December 15th, 2015 | Miller Advisors

The impact behavioral finance has on your portfolio

Learn how to escape the investment traps your brain sets for you.

Our brains regularly set little traps for us, emotional and psychological potholes that sometimes has very real costs associated with them.

Trap No. 1: Overconfidence

We trust ourselves, and for good reason. We think we know what we know. But in the investing world, that leads to overconfidence.

Being cocky can also lead to miscalculating the probabilities of good and bad outcomes, to overweighting an investment’s potential upside and discounting the potential downside. It could also lead you to double-down on a particular security, throwing your asset allocation out of whack and possibly adding more risk and volatility.

Red flags: If you ever find yourself saying things like, “Nothing could ever go wrong,” I believe it’ll go forever” or I know the company and I know the risks,” it’s time to check yourself. It may also help to remember that every investment carries with it some risk and potential for losses.”

Shatter the illusion: Many long-time employees and executives get tricked by overconfidence. They believe that they have enough knowledge of a company’s fundamentals because they helped build it. That may be true, but does it make sense to tie up 40% of your portfolio in one position? There’s a reason investment wisdom suggests diversifying a portfolio.

Trap No. 2: Mental Accounting

Mental accounting tricks your mind into compartmentalizing certain investments, based on something arbitrary like the fact that your grandfather gifted it to you. Favoring one investment over another can hinder long-term investors whose entire portfolio should be working together to manage one risks and make headway toward established goals.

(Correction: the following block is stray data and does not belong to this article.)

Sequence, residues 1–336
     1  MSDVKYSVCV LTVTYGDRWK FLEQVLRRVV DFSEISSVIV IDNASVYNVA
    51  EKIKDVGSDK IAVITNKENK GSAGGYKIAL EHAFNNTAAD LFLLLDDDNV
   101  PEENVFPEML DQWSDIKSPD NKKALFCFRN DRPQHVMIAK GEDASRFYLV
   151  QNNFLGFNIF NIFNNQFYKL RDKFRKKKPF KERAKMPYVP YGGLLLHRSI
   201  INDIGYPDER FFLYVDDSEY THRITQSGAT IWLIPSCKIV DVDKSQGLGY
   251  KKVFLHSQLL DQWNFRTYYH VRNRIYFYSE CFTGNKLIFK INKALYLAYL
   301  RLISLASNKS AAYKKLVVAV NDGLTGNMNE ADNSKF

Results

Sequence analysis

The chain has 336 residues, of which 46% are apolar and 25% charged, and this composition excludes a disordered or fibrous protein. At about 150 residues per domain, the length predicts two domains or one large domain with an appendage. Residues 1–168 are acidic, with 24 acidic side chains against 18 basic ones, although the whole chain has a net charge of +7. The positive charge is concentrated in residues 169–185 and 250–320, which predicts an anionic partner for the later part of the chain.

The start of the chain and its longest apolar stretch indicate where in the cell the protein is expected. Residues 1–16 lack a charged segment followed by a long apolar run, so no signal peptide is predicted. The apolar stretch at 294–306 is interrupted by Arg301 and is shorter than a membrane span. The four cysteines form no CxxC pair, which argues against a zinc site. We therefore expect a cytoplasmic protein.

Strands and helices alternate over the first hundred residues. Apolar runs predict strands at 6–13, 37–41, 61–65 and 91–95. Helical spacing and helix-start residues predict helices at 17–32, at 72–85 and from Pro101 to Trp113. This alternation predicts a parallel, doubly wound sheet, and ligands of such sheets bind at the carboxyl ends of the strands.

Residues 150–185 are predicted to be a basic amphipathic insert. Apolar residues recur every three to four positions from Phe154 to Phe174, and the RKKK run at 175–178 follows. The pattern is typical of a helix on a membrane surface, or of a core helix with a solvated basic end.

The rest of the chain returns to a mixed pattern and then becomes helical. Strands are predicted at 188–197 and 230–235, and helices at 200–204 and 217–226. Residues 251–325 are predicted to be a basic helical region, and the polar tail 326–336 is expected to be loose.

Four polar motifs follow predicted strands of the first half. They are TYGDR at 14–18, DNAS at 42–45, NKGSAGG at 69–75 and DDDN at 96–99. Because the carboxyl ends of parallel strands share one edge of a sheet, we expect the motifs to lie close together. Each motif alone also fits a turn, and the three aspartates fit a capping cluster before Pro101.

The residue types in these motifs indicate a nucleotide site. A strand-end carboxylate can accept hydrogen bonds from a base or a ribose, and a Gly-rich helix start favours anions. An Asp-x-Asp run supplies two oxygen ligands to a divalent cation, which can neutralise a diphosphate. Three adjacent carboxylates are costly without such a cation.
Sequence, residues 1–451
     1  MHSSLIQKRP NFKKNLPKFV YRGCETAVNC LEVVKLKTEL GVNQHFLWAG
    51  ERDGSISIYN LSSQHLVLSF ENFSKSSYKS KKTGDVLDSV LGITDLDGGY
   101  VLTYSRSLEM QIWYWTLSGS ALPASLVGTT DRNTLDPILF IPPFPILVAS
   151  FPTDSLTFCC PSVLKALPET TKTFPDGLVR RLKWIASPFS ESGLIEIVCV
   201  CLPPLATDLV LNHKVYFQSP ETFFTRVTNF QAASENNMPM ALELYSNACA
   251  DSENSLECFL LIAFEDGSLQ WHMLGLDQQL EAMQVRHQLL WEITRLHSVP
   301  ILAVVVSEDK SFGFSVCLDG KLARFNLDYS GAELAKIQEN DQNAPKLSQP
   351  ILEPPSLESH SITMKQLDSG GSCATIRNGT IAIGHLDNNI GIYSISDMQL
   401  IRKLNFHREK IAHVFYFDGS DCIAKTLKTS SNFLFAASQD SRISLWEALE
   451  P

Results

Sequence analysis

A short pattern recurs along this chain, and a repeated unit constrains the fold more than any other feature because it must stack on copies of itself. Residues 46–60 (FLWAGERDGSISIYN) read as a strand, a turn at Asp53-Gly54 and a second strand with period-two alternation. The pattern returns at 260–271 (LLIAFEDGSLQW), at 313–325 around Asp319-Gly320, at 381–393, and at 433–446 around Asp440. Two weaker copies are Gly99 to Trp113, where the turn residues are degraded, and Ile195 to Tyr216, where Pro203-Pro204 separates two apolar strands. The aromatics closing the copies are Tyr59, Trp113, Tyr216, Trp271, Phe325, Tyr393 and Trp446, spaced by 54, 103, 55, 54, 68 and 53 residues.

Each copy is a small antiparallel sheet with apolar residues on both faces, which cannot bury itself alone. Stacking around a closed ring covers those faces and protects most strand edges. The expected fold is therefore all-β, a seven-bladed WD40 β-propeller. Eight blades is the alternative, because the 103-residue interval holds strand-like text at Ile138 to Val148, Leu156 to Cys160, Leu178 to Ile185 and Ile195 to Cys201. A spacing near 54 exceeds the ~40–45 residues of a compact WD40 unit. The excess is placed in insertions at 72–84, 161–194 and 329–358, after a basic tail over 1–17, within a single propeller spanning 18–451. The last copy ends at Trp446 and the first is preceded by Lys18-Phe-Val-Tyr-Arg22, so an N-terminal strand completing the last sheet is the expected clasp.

Red flags: If you find yourself saying, “But I love that stock,” you may have a problem.

Shatter the illusion: “Don’t ever fall in love with a stock; it’ll never love you back.” The cliché is actually sound advice. Counter the emotional pull of winning an investment with sell rules established in conjunction with your financial advisor.

Trap No. 3: Confirmation and Hindsight Bias

Confirmation and hindsight bias are fun-house mirrors of investing, reflecting back a diverted view of reality. The first is a tendency to interpret the information that reflects and confirms our preconceptions. The second makes us think that unpredictable event, in hindsight, were actually predictable.

Both mean that what we perceive as true isn’t necessarily so. Our minds have sneaky ways of introducing those biases before we even realize it.

Red flags: Shrugging off negative news or data about a beloved company. Holding onto a stock even after receiving several sell signals.

Shatter the illusion: Being aware of these biases may not be enough to challenge them. You may need a trusted voice of reason—like a knowledgeable investment professional—to play devil’s advocate before making a move based on just your own observations.

Trap No. 4: Benchmark Bias

This particular trick is marked by comparing your portfolio’s rate of return to a broad market index. The goal of financial planning is to make progress toward your individual goals—and this part is key—without taking on excessive risk.

Red flags: “Why didn’t I beat the S&P?” This feels like you’re not keeping up with Joneses, but it can also lure you away from the logic you used in making investment decisions in the first place.